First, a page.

In order to be a leader, this needs to be imbedded within the leader. Being a mature leaders involves recognising contributions of any member involved and not signalling out members. This is an area not discussed which if not recognised, may result in in-groups and out-groups. Usefulness/Relevance for Managers The review of these papers and the critique conducted provides a way for manager to potentially re-evaluate groups within their organisation. For example, project based organisations can use this to identify how effective their groups are and whether or not the form leadership is helping or hindering the group as a whole. It is important to mention that Wu, Tsui, & Kinicki ( 2010) provided more insight into how managers can successfully contribute to the effectiveness of groups within an organisation, in comparison to Platow, Haslam, Reicher, & Steffens (2015), which is mainly theoretically based.

Results found by Wu, Tsui, & Kinicki, (2010) in relation to the benefits of group focused leadership helps managers to identify if for example, tension among groups associated with group focused and individual focused leadership styles arises. The authors suggested that a “contingency perspective” could be used to reduce tension among group members. It is vital that managers are provided with appropriate training so that they will have the ability to recognise situations that may need to be individualised and how to apply this without hindering group effectiveness. CITATION WuJ10 l 6153 (Wu, Tsui, & Kinicki, 2010)In the same article, it is argued, in accordance with Hill (2007) that the majority of managers “fail to recognise their group building responsibilities…equating the management of their group with managing the individuals in the group” CITATION WuJ10 l 6153 (Wu, Tsui, & Kinicki, 2010). It is of strategic importance for managers in organizations to have groups who are more effective and efficient in their operations. In order to ensure this happens, group focused leadership needs to be implemented, as a clear indication shows that the benefits related out way those of individual focused leadership. CITATION WuJ10 l 6153 (Wu, Tsui, & Kinicki, 2010)Conclusion In summary, it is clear that both of these papers provide a thorough insight into the different aspects of leadership in a group environment.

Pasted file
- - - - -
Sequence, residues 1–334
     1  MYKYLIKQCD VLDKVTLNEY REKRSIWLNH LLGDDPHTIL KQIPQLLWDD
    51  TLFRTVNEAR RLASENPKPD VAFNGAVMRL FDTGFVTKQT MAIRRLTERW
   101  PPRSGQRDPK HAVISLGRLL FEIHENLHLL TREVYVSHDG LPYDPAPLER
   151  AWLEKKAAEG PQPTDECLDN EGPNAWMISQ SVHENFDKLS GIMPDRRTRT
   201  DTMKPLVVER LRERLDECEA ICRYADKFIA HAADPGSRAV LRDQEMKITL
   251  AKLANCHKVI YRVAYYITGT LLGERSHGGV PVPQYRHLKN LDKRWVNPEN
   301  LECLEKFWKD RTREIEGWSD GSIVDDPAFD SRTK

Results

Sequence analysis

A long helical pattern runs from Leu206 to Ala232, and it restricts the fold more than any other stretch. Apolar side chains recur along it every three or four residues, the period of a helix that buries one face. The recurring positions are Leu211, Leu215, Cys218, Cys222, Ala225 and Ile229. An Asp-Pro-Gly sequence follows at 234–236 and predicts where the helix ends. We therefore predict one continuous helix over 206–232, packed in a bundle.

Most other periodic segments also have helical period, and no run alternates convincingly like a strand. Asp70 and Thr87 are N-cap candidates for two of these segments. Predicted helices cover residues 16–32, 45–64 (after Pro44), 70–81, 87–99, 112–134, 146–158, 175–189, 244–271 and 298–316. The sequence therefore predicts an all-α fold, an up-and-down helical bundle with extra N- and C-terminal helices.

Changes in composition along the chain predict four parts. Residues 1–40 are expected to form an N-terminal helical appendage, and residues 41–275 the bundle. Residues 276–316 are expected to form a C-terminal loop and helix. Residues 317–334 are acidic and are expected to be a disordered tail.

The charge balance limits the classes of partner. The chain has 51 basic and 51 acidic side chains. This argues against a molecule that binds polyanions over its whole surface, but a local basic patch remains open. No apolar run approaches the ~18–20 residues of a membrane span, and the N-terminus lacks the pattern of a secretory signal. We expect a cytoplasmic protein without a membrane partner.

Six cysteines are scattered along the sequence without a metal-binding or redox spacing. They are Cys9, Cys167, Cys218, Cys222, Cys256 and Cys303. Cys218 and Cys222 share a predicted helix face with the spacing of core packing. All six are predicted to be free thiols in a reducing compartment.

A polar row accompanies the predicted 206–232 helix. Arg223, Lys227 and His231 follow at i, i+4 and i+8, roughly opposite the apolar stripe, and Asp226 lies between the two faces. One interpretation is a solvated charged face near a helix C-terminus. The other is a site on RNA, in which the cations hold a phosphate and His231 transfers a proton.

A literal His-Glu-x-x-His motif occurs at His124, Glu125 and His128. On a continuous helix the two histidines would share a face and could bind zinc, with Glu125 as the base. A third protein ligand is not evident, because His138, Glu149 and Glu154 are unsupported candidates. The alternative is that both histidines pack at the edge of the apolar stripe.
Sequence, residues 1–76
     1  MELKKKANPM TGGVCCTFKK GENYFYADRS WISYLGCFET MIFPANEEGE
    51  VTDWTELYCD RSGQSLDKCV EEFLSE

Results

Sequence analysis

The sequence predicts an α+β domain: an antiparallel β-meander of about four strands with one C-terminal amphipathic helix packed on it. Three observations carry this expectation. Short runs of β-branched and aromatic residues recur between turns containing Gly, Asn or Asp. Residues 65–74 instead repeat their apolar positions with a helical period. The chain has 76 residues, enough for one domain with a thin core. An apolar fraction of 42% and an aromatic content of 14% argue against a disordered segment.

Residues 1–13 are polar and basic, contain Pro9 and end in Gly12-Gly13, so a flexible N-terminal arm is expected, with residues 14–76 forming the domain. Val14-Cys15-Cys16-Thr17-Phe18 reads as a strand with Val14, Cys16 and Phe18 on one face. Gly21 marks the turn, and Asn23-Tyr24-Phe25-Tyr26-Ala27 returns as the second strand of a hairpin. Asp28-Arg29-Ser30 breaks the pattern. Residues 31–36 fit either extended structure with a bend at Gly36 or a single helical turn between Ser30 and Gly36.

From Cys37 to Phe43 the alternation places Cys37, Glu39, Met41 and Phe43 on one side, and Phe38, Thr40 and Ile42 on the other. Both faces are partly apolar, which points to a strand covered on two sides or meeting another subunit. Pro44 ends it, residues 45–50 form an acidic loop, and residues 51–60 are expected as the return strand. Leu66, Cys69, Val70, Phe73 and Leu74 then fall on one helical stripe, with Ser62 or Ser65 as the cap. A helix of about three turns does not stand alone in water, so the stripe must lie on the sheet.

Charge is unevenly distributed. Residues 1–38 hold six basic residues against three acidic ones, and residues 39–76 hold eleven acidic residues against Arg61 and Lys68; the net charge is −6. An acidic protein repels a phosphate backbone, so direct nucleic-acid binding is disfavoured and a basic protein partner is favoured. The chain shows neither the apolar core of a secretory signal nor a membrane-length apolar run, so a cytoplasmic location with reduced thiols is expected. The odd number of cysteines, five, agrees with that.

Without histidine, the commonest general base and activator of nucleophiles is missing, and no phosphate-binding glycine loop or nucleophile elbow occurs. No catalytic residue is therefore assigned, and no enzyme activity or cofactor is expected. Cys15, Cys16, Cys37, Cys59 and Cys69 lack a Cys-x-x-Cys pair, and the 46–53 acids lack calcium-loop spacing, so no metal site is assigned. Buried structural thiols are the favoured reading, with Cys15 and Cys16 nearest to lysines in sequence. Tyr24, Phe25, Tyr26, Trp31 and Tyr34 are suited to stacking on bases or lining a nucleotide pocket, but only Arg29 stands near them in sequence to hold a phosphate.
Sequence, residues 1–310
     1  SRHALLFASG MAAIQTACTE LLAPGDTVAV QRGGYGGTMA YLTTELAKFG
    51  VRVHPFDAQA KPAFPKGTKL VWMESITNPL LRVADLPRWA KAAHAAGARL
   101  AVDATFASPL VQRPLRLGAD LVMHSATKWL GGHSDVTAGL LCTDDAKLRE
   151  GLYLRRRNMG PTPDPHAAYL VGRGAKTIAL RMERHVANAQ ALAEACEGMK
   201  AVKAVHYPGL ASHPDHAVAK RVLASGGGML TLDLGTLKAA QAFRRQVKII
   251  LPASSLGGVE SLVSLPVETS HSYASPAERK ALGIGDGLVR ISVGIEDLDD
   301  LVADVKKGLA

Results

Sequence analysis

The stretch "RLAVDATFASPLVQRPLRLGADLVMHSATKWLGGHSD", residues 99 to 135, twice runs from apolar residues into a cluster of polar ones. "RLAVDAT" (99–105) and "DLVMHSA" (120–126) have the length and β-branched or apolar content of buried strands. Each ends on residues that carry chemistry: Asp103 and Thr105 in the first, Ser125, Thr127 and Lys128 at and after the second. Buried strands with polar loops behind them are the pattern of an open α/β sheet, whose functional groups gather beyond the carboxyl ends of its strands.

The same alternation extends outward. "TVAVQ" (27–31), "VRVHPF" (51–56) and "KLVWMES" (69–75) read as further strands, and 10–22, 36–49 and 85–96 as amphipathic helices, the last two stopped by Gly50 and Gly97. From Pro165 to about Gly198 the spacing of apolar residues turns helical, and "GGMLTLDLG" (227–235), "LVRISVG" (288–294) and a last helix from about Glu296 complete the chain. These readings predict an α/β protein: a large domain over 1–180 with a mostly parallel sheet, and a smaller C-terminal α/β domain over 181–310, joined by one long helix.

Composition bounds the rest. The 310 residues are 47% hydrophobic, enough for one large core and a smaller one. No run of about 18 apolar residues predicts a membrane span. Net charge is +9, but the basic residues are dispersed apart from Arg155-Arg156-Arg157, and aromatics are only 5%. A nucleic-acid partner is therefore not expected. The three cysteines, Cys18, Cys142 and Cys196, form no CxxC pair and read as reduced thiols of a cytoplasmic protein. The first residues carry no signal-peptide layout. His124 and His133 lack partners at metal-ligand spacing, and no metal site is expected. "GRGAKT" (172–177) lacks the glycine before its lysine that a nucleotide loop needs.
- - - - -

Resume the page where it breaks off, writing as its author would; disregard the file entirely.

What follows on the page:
Platow, Haslam, Reicher, & Steffens, (2015) merely focused on the sociological and psychological factors of a group. Whereas Wu, Tsui, & Kinicki, (2010) focused on the consequences of how a differentiated group may affect group effectiveness. These two papers differ in the way in which they collected and analysed their research data.

Platow, Haslam, Reicher, & Steffens, (2015) used empirical evidence to demonstrate how leadership is a group process and is not simply about being a leader. However, Wu, Tsui, & Kinicki, (2010) developed a test in which they surveyed 70 work groups to discover the effects of differentiated leadership in comparison to group focused leadership. Research on the topic of leadership in a group context and differentiated leadership is far from being conclusive. After Wu, Tsui, & Kinicki, (2010) gathered, their results and analysed both group level and individual level processes, a third was found; divergence in individual experiences in a group. Further research into these three processes and how all three may be influenced by different contexts would greatly enhance group leadership. References BIBLIOGRAPHY Platow, M. J.

, Haslam, S., Reicher, S. D., & Steffens, N. K. (2015). There is no leadership if no-one follows: Why leadership is necessarily a group process.

International Coaching Pyschology Review , 20-37.Wu, J. B., Tsui, A. S., & Kinicki, A. J.

(2010). Consequences of differentiated leadership in groups. Academy of Management , 90-106.